Uncategorized

Tillis: If Amendment One passes, it will be repealed

Six weeks before voters go to the polls, supporters of Amendment One know this may be their last best chance to define marriage in North Carolina’s constitution.

At an appearance on N.C. State University’s campus Monday evening, House Speaker Thom Tillis acknowledged the next generation was largely opposed to the anti-gay marriage measure Republicans fought to put on the ballot this May.

Here’s more from NCSU’s student newspaper, The Technician:

“It’s a generational issue,” Tillis said. “The data shows right now that you are a generation away from that issue.”

According to Tillis, researchers have predicted Amendment One will pass with approximately 54 percent, but Tillis, who voted to pass the amendment, believes it won’t remain long.

“If it passes, I think it will be repealed within 20 years,” Tillis said.

8 Comments


  1. HunterC

    March 27, 2012 at 7:51 am

    Actually, the current generation is ready for civil unions — from Chris Christie and New Hampshire Republicans out of state to John Hood and Renee Ellmers in state.

    Of course, some Republicans are ready for marriage equality too (Dick Cheney, etc).

    Tillis just doesn’t know how to lead a caucus, only follow the theocrats nipping at his heels.

  2. birthandbloom

    March 27, 2012 at 8:26 am

    So 20 more years of discrimination is no big thang, huh Tillis? SHAME.

  3. Larry Johnson

    March 27, 2012 at 8:34 am

    The process is the same, regardless of what the particular change to the constitution is. Removing the provision from the constitution has to go through the same hoops — it has to be passed by the legislature and put on the ballot and voted on by the people. The absolute best that could be hoped for would be 2 years to repeal, and who knows how many dollars and other resources would be thrown into it — money that could be better spent elsewhere.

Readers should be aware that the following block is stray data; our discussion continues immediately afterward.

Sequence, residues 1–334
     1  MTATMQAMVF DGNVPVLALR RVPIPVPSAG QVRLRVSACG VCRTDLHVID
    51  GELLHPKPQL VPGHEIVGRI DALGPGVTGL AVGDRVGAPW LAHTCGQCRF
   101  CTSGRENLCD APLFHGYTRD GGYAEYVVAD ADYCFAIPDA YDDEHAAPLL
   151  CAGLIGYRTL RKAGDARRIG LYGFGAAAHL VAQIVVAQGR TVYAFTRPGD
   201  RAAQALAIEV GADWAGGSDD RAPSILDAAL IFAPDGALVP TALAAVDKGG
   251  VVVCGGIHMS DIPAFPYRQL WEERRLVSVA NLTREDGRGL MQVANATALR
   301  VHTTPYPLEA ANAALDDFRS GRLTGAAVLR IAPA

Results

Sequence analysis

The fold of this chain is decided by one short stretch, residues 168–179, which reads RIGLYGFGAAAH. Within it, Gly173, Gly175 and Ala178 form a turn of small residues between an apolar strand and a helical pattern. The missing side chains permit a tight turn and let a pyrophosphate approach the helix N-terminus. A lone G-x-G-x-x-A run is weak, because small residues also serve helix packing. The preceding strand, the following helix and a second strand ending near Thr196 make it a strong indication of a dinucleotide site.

While twenty years may not seem like much to Mr. Tillis, as a 50 year old male I recognize that it is likely to be the majority of the time that I have left on this planet. Time during which I will likely not have health insurance and the taxpayers of this state will get to pick up the medical bills that I can’t pay.

    What Speaker Tillis’ comments prove, though, is that this is purely a politically motivated function driven by individuals courting re-election rather than by legislators who are truly concerned about what is best for the people of this state.

  4. Moby

    March 27, 2012 at 9:36 am

    As if we didn’t have more important matters to deal with. GLBT folks are people, just like you and me. What are you afraid of? Why should a gay couple have ALL the same rights as heterosexual couples? Why can’t a partner sign a permission in a hospital. Why can’t a partner inherit? Why can’t partners share insurance coverage? Etc., etc., etc. There are hundreds of situations like these. That is unfair and unjust. So gays can marry… how does that affect you personally? Are you so “superior” that your rights supersede those of other humans? It is estimated that 10% of the population is gay. A genetic predisposition by 10% of the people on this planet. So equality does not apply to them?